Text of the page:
Shrewsbury officials offer update to community on water woes

Robert Tozeski (left), Shrewsbury Water & Sewer Superintendent and Shrewsbury Town Manager Kevin Mizikar at Shrewsbury Media Connection
Photo/Melanie Petrucci

By Melanie Petrucci, Senior Community Reporter

Shrewsbury – Shrewsbury Town Manager Kevin Mizikar and Water and Sewer Superintendent Robert Tozeski recently appeared on a local cable show to update the community on ongoing water issues in town.

“I want to take the opportunity to inform the residents of the efforts we are taking to reduce the sediment and brown water issues that are continuing in town,” Mizikar noted, April 2, just before taping a segment on Shrewsbury Media Connection.

“We have moved into our hydrant flushing phase and manganese is no longer coming out of the plant. We are now in the phase of cleaning all the mains out which is a little bit disruptive,” Mizikar reported. “It’s the only way to get it out and to reduce sediment issues in the future so we need to take the several weeks over the spring to continue our cleaning process.”

Mizikar asked Tozeski a series of prepared questions. He opened with how well the new water treatment plant was operating.

Tozeski shared that the primary purpose of the new plant was to remove the manganese which has so far has been successful.

“We are basically at zero,” Tozeski said. “Any problems that we have in the system we have to address at the source and the town has taken that initiative.”

When asked why residents are still seeing sediment in their water, Tozeski replied that water was being put into pipes that are 100 years old where manganese and sediment had built up over decades. Because of the new biological chemistry being used to treat the water, the environment and interior of the pipes is being affected, causing sediment to flake and slough off.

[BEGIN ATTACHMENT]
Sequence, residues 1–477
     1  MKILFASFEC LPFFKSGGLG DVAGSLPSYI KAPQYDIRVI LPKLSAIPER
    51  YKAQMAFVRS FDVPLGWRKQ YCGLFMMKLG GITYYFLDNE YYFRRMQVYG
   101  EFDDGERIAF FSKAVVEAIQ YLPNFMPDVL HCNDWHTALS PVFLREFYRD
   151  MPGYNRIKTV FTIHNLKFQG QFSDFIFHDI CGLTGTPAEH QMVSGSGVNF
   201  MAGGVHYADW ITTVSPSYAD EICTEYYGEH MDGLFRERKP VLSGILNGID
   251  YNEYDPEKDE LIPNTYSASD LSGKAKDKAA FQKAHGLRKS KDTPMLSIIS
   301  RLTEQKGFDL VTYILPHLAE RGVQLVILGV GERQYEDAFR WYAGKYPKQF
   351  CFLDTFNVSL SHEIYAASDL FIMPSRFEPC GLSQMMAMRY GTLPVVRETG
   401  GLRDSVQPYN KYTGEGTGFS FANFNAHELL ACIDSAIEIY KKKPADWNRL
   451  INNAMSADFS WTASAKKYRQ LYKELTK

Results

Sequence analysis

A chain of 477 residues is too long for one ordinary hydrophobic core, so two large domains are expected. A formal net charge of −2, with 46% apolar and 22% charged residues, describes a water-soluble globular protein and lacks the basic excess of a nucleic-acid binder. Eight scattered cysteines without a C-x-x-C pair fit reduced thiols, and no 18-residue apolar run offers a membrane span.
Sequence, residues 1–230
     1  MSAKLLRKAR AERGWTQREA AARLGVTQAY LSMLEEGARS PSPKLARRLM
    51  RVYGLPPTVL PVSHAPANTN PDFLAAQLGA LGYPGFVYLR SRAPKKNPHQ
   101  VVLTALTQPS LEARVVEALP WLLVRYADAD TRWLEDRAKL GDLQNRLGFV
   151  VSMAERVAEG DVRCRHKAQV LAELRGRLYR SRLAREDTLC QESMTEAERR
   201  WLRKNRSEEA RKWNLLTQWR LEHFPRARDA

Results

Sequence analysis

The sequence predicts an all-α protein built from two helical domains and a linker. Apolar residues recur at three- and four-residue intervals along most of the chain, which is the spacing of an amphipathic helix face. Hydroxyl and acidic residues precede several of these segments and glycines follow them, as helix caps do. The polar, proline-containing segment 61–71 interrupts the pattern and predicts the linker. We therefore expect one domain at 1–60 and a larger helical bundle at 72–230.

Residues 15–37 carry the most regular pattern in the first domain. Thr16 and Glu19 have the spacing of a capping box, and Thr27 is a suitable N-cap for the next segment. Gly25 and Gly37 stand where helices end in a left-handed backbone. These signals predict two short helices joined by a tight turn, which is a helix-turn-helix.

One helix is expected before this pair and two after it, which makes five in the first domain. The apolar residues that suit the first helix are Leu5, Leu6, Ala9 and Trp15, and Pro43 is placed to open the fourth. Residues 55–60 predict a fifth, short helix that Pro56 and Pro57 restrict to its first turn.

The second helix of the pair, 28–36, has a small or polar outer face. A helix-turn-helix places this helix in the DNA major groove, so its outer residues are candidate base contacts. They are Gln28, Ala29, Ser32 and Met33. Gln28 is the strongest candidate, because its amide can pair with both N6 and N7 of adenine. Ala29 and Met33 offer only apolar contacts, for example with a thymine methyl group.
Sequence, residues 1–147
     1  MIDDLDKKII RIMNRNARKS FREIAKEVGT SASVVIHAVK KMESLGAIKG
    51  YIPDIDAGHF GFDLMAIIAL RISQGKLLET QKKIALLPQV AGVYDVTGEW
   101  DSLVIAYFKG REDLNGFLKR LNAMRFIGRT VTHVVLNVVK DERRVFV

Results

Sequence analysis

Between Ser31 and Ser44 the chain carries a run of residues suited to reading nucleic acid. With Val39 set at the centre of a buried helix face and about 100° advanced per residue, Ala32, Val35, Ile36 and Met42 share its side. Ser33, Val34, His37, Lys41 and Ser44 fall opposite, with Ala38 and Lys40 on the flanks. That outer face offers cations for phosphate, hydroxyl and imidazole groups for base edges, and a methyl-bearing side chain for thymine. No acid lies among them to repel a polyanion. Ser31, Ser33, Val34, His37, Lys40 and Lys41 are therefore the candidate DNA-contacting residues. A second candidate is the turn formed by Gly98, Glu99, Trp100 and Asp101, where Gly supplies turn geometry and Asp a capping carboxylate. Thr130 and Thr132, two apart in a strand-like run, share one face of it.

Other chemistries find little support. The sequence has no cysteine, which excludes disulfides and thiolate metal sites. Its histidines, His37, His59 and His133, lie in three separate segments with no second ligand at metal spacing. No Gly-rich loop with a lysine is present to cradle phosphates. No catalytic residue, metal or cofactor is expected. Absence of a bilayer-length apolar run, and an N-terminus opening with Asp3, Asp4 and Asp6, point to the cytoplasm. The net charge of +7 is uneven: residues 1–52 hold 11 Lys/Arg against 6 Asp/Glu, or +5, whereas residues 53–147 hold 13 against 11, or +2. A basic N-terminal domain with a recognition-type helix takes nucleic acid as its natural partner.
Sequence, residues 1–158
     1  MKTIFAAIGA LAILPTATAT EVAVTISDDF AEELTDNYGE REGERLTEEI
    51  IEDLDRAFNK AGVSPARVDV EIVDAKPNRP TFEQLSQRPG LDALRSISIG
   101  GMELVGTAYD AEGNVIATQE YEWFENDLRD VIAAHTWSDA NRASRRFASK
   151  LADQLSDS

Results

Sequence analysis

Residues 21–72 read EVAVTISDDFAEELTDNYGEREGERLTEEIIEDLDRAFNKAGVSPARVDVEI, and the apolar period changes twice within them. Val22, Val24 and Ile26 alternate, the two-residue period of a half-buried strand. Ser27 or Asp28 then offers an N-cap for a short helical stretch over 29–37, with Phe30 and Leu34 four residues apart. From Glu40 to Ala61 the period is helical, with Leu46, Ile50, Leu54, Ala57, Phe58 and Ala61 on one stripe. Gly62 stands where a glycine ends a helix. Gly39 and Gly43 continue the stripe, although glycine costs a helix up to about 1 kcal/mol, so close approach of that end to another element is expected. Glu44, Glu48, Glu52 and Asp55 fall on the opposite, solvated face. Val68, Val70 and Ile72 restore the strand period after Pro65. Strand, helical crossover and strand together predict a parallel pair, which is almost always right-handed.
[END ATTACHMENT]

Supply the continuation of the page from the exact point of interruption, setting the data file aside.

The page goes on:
Depending on where residents are in the system, especially if closer to the treatment plant, such as Main Street, Holden Street, Old Mill and North Quinsigamond Avenue, there will be a propensity to see higher amounts of sediment.

Flushing needs to be done in a unidirectional and strategic fashion, working from the water source outward. Hydrants cannot be randomly opened; some areas might need more than one flushing. The best time to flush is in the spring and fall when the flow of water is best.

Tozeski said that while they strive to get all the sediment out there will always be tiny flakes remaining. Also, while they flush, sediment will be stirred up and might take about 48 hours to settle.

“We really appreciate residents’ patience and we know it’s been a long process… We now have installed a new treatment plant and we are no longer introducing manganese into the system,” Mizikar remarked. “We are going to do our best to get it all done this spring but we may see some lingering problems throughout the summer and into 2020.”

For more information, visit the Water & Sewer page on the Town of Shrewsbury’s website;

To view the segment on Shrewsbury Media Connection, visit